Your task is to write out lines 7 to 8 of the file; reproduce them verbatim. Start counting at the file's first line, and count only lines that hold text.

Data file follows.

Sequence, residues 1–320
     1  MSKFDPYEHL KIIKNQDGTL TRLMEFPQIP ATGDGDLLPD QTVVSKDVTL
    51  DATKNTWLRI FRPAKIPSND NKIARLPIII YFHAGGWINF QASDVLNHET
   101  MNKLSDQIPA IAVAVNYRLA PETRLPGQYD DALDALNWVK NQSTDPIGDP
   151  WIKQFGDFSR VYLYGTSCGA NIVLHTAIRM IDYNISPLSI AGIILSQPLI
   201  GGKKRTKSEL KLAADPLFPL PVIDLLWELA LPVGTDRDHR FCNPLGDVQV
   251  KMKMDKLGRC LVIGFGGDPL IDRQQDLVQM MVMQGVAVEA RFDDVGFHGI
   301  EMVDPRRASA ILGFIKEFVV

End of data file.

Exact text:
   251  KMKMDKLGRC LVIGFGGDPL IDRQQDLVQM MVMQGVAVEA RFDDVGFHGI
   301  EMVDPRRASA ILGFIKEFVV